For the less enchanting examples, head downtown, where Dunn’s Famous has one of its six Quebec branches – with a seventh coming to Vancouver soon. Moved from its legendary spot on Ste. Catherine to the current haunt on Metcalfe, the focus has slipped quietly away from smoked meat to the more homogenized feel of a North American steakhouse. But it’s not the Hard Rock Cafe by any stretch of your cynical imagination. Indeed, it’s still owned by the founding family, though the all singing, all dancing website – complete with TV spots featuring CGI mascot “Dillon Dunn” the dill pickle cowboy – is a far cry from the ideal, and is wholly geared toward the dreaded F-word: franchise. While we’re here, if you would like to start your own Dunn’s Famous restaurant – and why the hell not – please visit dunnsfamous.ca and apply online. Just make sure you have some idea on how you will “create a strong market presence for the brand,” as they so honestly put it.
Admittedly, it’s very easy, and pretty bitchy, to complain about a family business done well. But then, just think about the scene inside Schwartz’s. It’s so fantastically functional, isn’t it? There’s no need for any glossy trimmings, and most people don’t even look at the menu anyway. If the tourist masses and inflated reputation put you off, however, then head up to Outremont and the sleepier Lester’s Deli. Another pillar of the old school, Lester’s has been a mere sixty years at its current address on Bernard. It maintains all of the comfy charm and warm hospitality that my nostalgic mind impresses upon those pioneering restaurants of the early twentieth century. Plus, it features a near offensive amount of meat on display to satisfy those carnivorous founding fathers, Messieurs Roth, Sanft, Kravitz and, of course, Katz.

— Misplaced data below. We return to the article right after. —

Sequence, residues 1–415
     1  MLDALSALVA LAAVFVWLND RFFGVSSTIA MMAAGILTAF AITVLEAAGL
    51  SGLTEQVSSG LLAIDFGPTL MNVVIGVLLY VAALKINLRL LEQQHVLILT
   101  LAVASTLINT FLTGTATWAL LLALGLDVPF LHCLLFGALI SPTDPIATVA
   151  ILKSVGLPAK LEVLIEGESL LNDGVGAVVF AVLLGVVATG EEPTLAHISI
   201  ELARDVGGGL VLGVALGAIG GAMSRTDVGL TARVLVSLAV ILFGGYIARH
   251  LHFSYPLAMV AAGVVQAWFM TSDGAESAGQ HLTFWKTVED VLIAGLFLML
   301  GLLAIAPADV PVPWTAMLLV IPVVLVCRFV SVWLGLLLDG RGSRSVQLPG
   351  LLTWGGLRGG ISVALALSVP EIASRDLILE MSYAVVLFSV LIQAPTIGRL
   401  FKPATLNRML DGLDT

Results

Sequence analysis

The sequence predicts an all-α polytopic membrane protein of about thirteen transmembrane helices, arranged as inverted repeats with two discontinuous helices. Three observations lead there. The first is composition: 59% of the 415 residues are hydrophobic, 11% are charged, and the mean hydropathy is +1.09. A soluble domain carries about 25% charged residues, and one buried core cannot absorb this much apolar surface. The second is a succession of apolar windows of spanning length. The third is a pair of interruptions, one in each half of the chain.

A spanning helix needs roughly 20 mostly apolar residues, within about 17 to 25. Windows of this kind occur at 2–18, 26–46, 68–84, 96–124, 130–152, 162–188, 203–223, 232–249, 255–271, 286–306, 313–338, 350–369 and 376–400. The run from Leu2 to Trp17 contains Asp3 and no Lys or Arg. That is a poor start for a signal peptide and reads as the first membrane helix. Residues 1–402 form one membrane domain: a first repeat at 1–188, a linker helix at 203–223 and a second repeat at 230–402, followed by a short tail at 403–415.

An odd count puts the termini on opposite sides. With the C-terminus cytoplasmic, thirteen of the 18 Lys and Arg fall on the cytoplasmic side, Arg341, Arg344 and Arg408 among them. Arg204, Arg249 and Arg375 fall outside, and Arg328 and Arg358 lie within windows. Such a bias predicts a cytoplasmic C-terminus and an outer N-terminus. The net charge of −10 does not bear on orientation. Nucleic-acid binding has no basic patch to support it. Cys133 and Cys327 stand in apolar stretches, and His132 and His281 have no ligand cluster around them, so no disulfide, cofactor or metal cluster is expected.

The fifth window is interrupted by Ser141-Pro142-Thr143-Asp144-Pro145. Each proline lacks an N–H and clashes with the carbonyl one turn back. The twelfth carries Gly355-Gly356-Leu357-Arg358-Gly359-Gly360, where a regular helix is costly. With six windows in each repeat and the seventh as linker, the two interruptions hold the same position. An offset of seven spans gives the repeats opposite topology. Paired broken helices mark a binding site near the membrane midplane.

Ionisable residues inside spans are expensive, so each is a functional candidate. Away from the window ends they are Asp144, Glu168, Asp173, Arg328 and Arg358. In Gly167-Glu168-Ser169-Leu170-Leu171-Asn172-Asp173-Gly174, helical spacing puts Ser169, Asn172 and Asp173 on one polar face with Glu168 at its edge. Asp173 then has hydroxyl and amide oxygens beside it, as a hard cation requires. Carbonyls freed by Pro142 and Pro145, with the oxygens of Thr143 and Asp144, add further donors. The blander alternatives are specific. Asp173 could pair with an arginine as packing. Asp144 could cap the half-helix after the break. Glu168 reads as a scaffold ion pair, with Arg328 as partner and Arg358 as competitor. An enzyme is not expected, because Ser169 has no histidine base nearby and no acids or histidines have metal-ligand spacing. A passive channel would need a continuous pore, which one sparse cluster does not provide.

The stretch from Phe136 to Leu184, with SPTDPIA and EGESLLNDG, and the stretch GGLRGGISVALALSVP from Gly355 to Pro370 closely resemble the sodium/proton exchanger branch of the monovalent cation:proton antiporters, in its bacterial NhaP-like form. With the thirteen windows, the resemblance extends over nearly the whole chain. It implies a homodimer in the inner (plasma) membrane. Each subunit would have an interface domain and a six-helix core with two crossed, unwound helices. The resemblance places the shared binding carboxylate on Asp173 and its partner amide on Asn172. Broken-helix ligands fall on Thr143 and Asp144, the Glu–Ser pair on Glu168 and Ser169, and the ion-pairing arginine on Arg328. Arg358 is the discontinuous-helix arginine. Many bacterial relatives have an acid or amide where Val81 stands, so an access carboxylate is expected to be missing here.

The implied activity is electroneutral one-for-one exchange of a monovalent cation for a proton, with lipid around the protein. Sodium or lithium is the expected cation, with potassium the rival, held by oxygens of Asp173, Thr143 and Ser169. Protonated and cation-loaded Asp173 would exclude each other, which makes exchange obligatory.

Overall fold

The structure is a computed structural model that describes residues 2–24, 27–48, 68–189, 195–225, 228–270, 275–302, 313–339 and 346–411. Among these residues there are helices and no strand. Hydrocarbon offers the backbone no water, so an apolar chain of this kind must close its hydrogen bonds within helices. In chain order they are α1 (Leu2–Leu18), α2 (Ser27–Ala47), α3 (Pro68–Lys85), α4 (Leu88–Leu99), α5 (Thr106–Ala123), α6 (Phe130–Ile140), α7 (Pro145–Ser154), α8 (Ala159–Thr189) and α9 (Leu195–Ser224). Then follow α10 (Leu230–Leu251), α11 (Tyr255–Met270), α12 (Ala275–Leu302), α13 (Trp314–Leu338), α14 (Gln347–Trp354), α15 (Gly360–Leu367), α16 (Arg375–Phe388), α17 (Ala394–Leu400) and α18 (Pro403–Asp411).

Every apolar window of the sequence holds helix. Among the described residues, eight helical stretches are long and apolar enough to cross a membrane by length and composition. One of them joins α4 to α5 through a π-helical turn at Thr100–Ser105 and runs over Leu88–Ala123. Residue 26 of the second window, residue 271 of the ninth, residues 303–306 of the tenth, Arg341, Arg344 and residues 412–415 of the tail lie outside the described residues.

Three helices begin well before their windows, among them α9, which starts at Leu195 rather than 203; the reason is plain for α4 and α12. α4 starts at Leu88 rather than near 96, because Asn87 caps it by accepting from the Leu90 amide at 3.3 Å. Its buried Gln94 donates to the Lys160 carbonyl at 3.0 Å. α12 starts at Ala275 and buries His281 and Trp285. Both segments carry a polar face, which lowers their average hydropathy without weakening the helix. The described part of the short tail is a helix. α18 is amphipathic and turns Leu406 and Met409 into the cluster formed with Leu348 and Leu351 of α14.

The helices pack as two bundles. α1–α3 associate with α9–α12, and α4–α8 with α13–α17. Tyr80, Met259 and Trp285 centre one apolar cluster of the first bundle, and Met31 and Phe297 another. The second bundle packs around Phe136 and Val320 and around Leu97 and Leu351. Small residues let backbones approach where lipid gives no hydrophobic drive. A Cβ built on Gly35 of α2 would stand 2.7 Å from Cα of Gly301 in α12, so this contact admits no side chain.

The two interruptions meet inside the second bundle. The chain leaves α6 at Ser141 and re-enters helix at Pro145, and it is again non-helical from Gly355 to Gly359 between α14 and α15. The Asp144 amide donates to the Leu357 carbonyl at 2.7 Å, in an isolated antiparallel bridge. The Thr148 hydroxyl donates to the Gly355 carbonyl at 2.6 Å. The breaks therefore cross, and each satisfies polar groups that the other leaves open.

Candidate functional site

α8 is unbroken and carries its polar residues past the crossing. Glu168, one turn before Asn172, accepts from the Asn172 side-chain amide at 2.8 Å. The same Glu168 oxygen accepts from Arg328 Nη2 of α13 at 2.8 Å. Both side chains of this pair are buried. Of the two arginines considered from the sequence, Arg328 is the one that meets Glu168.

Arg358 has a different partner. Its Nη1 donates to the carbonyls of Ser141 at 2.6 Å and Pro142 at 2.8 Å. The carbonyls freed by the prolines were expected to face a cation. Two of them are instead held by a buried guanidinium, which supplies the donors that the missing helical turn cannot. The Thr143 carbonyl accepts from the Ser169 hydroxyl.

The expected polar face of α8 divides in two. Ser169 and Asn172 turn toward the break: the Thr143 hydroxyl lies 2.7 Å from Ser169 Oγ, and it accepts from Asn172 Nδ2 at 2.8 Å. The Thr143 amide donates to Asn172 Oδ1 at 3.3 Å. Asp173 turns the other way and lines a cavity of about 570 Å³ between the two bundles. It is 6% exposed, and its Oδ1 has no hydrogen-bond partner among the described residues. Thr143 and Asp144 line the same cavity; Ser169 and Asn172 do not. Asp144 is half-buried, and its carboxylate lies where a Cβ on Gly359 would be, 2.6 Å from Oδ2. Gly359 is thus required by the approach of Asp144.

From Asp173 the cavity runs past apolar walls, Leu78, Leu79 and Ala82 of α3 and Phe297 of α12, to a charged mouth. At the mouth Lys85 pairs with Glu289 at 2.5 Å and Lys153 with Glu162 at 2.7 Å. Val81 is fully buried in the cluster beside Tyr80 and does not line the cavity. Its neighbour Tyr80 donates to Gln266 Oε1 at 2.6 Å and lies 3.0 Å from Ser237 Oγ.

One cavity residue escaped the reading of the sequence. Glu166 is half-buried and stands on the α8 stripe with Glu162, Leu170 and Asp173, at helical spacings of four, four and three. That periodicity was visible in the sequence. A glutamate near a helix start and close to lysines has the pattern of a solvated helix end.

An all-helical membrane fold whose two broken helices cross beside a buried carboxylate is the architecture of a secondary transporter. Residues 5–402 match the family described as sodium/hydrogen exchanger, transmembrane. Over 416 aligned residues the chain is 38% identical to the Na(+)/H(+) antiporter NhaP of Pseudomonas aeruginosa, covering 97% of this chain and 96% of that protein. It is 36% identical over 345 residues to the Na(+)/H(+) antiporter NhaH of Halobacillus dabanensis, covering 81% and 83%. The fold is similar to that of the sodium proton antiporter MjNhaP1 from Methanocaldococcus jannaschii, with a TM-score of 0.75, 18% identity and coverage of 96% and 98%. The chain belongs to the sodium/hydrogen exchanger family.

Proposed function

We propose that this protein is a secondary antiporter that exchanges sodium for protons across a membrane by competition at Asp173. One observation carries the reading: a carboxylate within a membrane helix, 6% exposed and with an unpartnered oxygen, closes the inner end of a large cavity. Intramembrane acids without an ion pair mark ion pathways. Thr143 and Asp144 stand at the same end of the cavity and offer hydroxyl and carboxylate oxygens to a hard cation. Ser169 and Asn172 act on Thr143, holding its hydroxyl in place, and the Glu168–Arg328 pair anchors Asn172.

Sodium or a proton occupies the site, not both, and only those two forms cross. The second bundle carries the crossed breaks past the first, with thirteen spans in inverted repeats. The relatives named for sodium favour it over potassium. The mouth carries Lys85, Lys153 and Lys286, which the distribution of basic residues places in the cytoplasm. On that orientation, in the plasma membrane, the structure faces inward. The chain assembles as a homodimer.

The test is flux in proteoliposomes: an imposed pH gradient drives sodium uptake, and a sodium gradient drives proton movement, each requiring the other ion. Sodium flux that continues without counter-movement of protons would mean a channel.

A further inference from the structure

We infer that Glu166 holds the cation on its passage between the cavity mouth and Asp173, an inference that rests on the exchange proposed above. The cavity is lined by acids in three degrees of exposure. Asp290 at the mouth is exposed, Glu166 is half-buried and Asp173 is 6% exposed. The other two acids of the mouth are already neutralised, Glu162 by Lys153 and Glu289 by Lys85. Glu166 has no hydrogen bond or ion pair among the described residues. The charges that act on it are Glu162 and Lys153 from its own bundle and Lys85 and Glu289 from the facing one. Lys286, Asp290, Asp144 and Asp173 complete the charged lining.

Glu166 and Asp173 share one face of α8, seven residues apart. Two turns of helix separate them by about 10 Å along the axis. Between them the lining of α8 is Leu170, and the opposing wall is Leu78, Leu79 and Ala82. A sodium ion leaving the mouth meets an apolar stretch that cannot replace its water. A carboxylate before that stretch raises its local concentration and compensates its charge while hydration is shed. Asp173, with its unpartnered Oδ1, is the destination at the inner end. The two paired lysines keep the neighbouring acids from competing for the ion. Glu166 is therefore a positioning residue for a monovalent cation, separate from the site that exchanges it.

A friend from Ottawa, when I asked if she had any memories of old school places such as Ben’s, warmly recalled family trips to Montreal, stopping off for some smoked meat because it was “unlike anything we had at home.” That’s the crux; there are few things more Montreal than smoked meat, and how brilliant, if a little wishful, for that to remain the case. So, if you know of a small smoked meat place near you, then go along and support that little bit of meaty Montreal culture. Here ends my well-seasoned sermon for today. Amen.